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Some observers and even a few scholars identify the outstanding characteristic of Seventh-day Adventism as its health-related initiatives. We recall Ellen Gould White (1827-1915) offers us this far-reaching challenge, “Of all professing Christians Seventh-day Adventists should be foremost in uplifting Christ before the world.” Then we remember her assertion that Jesus spent more time ministering to the sick than in preaching, so we realise health ministry is a must for the followers of Jesus. Suffice it to say that “the right arm of the message” is so important to the body of Adventism that without it we would lack the wholeness and strength to aggressively press forward with our mission to bring good news to every “nation, tribe, language and people” (Revelation 14:6, NIV).
For the purpose of this presentation, it is sufficient to emphasise that Adventist identity includes a distinctive emphasis on human wellbeing. Moreover, as we consider that reality, it becomes apparent that Adventists owe a great deal to the spiritual giftedness made available in the voluminous writings of Ellen White, their most innovative, outstanding and influential pioneer in health matters. Therefore, we will here attempt a succinct overview of her contribution in this regard.
I. The Life of Ellen White
A nineteenth-century woman born in the New England state of Maine would be unlikely to envision travel throughout the United States, plus eleven years in Europe and Australasia. Nor would she be expected to become a prolific author, dynamic speaker and creative institutional pioneer in addition to being a wife and mother. Widely recognised as a co-founder (along with James White, 1821-1881, and Joseph Bates, 1792-1872) of the Seventh-day Adventist Church, Ellen White’s writings embrace an array of themes: Scripture, Christian history, home and family life, education, Christian service amongst many others. Thus we must, in citing her writings on health, always remember that health is but one of the many issues that she addresses.
A short survey of Ellen White’s life is readily accessible in the Seventh-day Adventist Encyclopedia (Hagerstown: Review and Herald, 1996), 873-881; more detail is available in six biographical volumes written by her grandson, Arthur L. White, Ellen G. White (Washington, D.C., and Hagerstown: Review and Herald, 1981-1986). Probably fifty theses and dissertations can be deemed to offer an adequate account of her life and its symbiotic relationship with the Seventh-day Adventist Church.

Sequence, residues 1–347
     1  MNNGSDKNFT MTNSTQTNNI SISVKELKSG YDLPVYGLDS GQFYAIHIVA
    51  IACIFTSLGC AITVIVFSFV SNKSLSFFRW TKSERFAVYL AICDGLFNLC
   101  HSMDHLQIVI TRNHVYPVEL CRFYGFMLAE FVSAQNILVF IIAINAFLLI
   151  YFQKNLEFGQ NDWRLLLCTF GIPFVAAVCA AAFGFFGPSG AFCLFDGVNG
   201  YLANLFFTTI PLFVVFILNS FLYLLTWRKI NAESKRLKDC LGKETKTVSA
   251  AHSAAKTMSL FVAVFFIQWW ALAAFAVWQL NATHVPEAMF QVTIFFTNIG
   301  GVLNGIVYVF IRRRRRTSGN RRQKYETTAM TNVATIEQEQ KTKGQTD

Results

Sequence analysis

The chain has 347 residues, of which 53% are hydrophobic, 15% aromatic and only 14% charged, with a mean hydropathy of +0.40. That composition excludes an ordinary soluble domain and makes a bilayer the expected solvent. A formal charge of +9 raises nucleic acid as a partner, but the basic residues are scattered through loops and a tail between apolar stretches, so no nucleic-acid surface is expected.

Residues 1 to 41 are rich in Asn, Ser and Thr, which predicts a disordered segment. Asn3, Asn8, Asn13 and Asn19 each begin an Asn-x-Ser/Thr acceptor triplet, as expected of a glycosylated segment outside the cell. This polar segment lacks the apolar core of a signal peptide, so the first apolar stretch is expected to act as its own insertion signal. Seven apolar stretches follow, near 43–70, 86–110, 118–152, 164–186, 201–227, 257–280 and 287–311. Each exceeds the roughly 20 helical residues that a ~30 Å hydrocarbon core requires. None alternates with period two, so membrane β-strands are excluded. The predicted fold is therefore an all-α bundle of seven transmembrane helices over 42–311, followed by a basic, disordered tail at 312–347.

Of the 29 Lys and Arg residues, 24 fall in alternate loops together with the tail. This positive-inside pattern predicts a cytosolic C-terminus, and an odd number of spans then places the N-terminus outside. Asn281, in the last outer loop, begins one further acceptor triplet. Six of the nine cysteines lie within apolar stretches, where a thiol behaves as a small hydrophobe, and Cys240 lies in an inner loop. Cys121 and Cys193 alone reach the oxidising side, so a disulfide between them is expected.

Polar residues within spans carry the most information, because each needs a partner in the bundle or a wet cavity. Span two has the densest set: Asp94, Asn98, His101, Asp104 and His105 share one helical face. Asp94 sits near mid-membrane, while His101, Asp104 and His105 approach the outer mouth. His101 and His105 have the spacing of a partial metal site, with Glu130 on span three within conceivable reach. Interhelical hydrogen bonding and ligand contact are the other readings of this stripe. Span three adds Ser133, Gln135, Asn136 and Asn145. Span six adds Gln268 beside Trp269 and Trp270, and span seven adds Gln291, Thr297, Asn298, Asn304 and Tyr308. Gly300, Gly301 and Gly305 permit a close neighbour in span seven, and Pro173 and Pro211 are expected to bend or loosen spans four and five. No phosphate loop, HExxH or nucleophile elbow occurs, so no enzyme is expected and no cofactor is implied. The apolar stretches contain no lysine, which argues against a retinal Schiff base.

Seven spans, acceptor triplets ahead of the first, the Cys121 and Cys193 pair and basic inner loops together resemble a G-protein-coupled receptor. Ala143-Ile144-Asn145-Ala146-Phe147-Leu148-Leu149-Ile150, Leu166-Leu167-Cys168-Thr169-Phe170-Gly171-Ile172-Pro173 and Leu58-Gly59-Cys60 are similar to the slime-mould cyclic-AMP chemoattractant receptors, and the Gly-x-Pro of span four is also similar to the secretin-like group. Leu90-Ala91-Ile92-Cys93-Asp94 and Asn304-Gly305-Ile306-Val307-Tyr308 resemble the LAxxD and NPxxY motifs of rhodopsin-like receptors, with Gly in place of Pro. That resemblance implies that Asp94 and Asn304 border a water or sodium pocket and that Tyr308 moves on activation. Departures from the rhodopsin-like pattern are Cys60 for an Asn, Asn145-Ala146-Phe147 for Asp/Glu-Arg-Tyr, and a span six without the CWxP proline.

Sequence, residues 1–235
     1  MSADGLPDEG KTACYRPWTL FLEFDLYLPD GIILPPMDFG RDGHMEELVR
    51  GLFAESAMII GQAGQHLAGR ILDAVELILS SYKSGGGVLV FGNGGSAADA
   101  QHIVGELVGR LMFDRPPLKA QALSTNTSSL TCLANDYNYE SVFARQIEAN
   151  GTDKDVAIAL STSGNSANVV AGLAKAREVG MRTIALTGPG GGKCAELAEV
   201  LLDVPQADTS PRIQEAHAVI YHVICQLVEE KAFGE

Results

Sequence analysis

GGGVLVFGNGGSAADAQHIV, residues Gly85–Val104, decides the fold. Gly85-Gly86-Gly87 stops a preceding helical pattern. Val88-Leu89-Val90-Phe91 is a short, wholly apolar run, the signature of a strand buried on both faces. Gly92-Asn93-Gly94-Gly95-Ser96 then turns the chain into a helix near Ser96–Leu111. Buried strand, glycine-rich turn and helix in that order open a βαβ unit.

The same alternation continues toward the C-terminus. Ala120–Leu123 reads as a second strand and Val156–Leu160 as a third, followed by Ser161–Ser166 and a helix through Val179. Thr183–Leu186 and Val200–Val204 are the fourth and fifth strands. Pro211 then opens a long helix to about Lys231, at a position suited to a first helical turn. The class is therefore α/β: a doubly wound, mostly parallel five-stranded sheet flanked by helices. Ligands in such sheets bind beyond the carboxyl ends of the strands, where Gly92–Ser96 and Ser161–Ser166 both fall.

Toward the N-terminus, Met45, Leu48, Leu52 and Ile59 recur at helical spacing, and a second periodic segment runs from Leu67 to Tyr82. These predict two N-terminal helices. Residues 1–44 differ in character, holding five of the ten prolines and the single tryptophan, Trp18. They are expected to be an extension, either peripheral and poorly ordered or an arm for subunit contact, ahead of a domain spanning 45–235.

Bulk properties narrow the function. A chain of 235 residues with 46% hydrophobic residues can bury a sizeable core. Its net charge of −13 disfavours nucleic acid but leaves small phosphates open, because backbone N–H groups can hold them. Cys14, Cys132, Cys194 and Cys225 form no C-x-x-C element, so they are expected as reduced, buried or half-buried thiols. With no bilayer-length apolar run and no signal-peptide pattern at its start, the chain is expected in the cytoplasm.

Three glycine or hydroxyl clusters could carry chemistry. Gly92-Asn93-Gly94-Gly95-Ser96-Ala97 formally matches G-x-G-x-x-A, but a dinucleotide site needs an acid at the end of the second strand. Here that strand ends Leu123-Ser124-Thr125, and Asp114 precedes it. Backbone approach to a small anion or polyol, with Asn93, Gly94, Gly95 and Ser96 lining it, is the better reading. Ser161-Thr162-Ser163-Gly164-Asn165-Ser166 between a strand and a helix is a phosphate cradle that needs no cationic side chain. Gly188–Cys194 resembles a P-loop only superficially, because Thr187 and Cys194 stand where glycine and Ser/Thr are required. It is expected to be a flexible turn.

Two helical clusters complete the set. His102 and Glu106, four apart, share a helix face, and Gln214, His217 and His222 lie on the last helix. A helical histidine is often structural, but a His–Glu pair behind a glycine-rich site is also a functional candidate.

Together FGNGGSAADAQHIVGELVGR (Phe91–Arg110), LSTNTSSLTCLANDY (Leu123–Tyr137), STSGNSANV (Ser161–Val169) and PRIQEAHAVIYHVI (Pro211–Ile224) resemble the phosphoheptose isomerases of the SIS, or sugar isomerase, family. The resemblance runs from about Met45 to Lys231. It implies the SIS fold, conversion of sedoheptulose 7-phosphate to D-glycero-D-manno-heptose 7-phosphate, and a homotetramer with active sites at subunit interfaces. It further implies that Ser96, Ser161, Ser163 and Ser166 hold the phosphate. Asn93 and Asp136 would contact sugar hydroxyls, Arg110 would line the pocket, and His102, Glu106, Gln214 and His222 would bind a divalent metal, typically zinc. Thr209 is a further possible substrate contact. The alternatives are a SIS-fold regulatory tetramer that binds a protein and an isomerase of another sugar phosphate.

II. The Context of Ellen White’s Early Health Emphases
One of the many useful dissertations that illumine aspects of Ellen White’s ministry is that by George Reid, best known from its popular book form under the title A Sound of Trumpets: Americans, Adventists, and Health Reform (Washington, D.C.: Review and Herald, 1982). In his first chapter, Reid gives a helpful review of the many ways in which health and disease have been interpreted through human history, before devoting chapter 2 to “The Great American Health Movement—1800-1850” and chapter 4 to “The Second American Health Movement—1850-1870.” Medical knowledge was minimal in both these eras, compared with its current status. However, a plethora of health reformers arose and advocated ideas that would be quickly dismissed as well as some concepts that have stood well the test of both time and scrutiny. In this regard, an alphabet of long forgotten names merit much more attention than they have been given: William A. Alcott, Larkin B. Coles, Sylvester Graham (1794-1851), James C. Jackson, Dioclesian Lewis, Horace Mann, Russell T. Trall amongst them. The early nineteenth century effervesced with numerous and sometimes mutually-exclusive reforms (focused on education, gender, health, slavery and such), as surveyed briefly by Richard W. Schwarz and Floyd Greenleaf, Light Bearers: A History of the Seventh-day Adventist Church (Nampa: Pacific press, 2000, 13-22. A stimulating contextual account is that by George Knight, Ellen White’s World: A fascinating look at the times in which she lived (Hagerstown: Review and Herald, 1998), see especially chapter 3, “Era of Reform.”
Ronald Numbers has revised and enlarged his 1970s historical study as Prophetess of Health: Ellen G. White and the Origins of Seventh-day Adventist Health Reform (Knoxville: The University of Tennessee Press, 1992). Numbers’ book is the most scholarly account yet written; George Reid describes it as “a thorough, compact, and well documented study of Ellen White’s role in Adventist health reform,” even as he warns “its clear tenor leans toward discrediting much of what Mrs. White claimed” (page 171). Many of Numbers’ critics may not have read carefully his page xv where he states that his is the first book about Ellen White “that seeks neither to defend nor to damn but simply to understand” her. He adds that, in order to be objective, he “refrained from using divine inspiration as an historical explanation.” Fortunately, this conference will hear evidence from a medical specialist who presents, in a thoughtful and compelling way, important data that adds balance to Numbers’ volume.
III. The Content of Ellen White’s Health Emphases
Ellen White’s emphasis on health was greatly enhanced by her major health reform vision received soon after the May 1863 formation of the General Conference, that is, on the evening of 5 June 1863. The Adventist leaders of the time gave much evidence of needing a better grasp of healthful living. One of the best accounts of this vision is that by Roger Coon, The Great Visions of Ellen G. White (Hagerstown: Review and Herald, 1992), 90-107; another useful one is that by Herbert Douglass, Messenger of the Lord: The Prophetic Ministry of Ellen G. White (Nampa: Pacific Press, 1998), 283-284. Dr Douglass lists more than thirty important ideas recounted in this vision, of which Dr Coon claim ten as being most significant. We may package them briefly as follows: